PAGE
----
The Festival of Radiance, a celebration as old as Oedija, is a reminder of the Great War that drove our ancestors across the Lighted Sea, when the daemon god Famine slew the Foremost of our gods and nearly swallowed the world…
- The Traditions of the Eleven: Eidolan worship in the demotism of Oedija; by Oracle Iason of deme Iris; 1164 SLP (Succeeding the Lighted Passage)
Perched on the edge of the rooftop, I searched for the smuggler.
It was the wrong time for a hunt. Forum Demos was packed as tightly as fish in barrels after a day's ample catch, a full third of Oedija gathered for Despot Myron's address. Expecting to spy one man among thirty thousand was a fool's wish.
But though my back ached and my legs had gone numb from hanging off the eaves, I didn't let up. I didn't have a choice.
"We should give it up, Airene. We're never going to find him." Xaron, who sat next to me, stretched and yawned, then reached back for his cup of festival wine, nearly spilling it in the process. Though he dressed like a fop and possessed the athleticism of a gymnast, he had the manners of a boar, and his yellow coat and scarlet trousers sported many stains from the day's activities.
"We need the coin," I reminded him drily.
"But we won't get it today," Nomusa, our third accomplice, spoke up from my other side. "Zotikos will need to surrender the goods before we can pick up the coin from Maesos."
"Thanks for having my back." I gave her a long-suffering grimace.
She smiled back, a teasing curve to it. Her dark, olive skin and revealing robe accentuated her natural beauty. When we'd been younger, standing next to her had made me self-conscious of my own middling looks. But nine years of working and living together had cured that small jealousy. Her bared arms revealed the intricate, blue tatu that wound up to her elbows. They told of her Bali heritage and displayed the truths of her past, for those who could read them.
Xaron leaned into me, his breath sour. "How much longer until we can convince you to leave it off? Radiance ends today, and with it goes the free wine."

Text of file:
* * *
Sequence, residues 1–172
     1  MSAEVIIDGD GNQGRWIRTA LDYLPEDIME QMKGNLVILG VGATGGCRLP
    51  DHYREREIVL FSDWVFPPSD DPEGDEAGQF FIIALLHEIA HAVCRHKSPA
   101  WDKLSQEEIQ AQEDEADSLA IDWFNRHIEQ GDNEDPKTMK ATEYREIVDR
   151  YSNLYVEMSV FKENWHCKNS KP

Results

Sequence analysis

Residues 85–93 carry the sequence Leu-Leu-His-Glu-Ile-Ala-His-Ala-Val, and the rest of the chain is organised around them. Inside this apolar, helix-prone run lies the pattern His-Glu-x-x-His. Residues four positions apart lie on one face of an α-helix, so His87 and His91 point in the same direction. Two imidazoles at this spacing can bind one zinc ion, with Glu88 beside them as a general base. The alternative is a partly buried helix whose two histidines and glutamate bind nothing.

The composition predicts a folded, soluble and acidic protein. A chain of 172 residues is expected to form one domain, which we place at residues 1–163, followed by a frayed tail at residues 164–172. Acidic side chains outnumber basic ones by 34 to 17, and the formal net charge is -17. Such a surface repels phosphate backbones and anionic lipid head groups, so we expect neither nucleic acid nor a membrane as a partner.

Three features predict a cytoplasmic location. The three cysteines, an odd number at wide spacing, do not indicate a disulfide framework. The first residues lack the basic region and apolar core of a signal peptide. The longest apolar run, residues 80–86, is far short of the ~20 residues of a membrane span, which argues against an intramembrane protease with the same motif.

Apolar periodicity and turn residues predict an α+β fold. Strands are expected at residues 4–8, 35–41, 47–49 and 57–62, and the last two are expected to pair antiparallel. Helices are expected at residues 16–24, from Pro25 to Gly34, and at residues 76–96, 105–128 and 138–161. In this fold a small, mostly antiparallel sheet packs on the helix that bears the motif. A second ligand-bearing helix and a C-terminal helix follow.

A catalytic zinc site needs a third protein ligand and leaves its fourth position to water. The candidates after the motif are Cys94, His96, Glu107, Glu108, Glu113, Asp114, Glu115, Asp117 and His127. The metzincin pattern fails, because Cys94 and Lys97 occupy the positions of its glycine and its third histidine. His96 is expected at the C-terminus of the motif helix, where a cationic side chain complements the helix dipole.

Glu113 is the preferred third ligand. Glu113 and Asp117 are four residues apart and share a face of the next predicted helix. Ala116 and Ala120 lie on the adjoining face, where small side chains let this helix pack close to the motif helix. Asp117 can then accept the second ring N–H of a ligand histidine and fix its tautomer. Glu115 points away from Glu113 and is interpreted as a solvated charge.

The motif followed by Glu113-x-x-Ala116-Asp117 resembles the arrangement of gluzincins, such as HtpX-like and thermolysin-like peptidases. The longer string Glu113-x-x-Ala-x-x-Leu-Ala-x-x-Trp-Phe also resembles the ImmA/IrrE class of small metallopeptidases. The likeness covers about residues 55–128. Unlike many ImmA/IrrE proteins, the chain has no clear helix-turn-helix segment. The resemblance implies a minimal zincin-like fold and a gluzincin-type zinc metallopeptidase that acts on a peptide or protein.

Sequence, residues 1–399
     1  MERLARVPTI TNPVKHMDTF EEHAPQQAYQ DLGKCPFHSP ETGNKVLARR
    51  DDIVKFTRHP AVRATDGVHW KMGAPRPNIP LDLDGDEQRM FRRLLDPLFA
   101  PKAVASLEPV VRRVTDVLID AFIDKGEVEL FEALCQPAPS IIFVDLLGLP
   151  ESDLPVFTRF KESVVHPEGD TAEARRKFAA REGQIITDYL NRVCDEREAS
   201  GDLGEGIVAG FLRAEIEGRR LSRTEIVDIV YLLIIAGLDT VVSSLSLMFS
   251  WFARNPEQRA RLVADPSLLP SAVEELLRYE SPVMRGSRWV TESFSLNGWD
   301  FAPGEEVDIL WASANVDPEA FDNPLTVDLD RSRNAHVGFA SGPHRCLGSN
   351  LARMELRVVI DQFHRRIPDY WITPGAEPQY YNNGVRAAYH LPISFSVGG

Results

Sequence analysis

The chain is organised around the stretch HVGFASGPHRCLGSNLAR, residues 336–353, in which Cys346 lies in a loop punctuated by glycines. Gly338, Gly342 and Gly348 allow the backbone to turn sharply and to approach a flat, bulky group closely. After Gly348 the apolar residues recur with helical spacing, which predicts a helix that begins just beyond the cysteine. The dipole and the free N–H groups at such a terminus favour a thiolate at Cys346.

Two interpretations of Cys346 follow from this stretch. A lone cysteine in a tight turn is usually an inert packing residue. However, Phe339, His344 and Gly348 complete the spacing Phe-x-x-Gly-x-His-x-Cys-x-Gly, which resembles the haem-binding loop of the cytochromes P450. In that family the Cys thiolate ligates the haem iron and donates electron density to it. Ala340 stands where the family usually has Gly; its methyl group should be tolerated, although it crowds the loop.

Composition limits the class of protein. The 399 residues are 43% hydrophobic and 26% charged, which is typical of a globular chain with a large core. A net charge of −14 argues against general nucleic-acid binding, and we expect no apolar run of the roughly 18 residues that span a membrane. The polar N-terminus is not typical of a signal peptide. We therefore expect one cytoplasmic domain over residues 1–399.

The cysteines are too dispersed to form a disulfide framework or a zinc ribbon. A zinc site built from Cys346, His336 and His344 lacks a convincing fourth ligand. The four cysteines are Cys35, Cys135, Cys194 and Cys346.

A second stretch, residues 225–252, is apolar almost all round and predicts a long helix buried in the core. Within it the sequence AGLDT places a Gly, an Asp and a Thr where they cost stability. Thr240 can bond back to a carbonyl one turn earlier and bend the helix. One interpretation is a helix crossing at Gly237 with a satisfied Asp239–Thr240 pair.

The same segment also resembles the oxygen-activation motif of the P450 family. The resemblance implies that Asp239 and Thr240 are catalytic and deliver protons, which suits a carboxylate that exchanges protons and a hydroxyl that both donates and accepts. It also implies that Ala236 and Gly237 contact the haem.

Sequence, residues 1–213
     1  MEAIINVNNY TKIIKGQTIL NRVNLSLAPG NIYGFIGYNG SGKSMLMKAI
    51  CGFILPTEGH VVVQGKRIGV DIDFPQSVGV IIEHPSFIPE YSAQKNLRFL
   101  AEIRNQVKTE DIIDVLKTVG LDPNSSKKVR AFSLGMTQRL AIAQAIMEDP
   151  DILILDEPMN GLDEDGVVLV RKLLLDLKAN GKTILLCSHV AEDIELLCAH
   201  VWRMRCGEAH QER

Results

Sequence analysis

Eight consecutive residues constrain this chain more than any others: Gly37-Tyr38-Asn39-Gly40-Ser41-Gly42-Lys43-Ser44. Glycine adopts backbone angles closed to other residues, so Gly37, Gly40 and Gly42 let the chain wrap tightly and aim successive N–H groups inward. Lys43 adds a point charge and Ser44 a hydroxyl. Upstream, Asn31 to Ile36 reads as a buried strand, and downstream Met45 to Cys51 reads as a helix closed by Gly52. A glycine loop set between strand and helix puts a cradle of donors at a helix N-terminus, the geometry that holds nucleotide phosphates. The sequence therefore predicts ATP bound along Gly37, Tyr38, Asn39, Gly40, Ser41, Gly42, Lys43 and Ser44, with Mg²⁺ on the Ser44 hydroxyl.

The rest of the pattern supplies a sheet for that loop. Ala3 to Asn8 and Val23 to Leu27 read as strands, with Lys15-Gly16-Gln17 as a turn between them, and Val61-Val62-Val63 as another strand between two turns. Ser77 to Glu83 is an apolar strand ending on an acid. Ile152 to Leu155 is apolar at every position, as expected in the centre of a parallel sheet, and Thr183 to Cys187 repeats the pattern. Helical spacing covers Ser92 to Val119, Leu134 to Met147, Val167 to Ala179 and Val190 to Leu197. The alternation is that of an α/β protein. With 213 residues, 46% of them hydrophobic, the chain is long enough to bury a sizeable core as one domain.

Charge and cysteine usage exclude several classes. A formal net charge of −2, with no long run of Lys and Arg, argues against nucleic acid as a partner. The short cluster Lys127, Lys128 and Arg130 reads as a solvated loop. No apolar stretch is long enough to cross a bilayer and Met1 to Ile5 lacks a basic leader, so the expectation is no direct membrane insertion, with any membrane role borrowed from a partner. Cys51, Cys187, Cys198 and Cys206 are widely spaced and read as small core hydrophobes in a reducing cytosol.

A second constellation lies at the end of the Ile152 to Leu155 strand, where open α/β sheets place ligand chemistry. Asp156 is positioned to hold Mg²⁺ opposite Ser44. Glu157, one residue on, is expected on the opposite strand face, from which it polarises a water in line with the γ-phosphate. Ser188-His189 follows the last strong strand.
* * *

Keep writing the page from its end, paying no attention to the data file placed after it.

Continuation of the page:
I was hanging on by a thread myself. But I forced myself to say, "Until we find him."
Xaron lapsed into a morose silence and took another drink. Nomusa held her tongue. Not to be made a liar, I renewed the search, if half-heartedly. The dying light strained my eyes further, promising an aching head that night.
The great amphitheater spread out below us showed no mercy. A quarter mile of marbled tiers cascading down to a colonnaded dais, every tier was filled to overflowing, their occupants from all echelons of society.
Patricians, in their fine robes and polished jewelry, took the best seats among the columns close to the dais. They sat in marble chairs, and were waited upon by their household honors, a caste of people little better off than the slaves of Avvad.
Citizens — landowners who possessed the right to vote — congregated closer to the dais on stone benches, their dyed clothes a splash of color amidst the sea of plebeian brown.
All the rest were common folk like me and my companions. With no say in who was elected to the People's Conclave, and barely enough food and clean water to survive, we occupied whatever spot we had carved out for ourselves, taking what we could just as we scrambled for coin and jockeyed for position.
The thought brought me back to the hunt at hand. Somehow, Xaron, Nomusa, and I needed to spy one particular man, and from this rooftop at the back of the forum. But though the man would be wearing the colored robes of the mercantile class, I'd searched the tiny figures below for far too long. My eyes felt too large for their sockets; my head buzzed with festival wine; my vision swam.
It was a pyr hunt, and I knew it.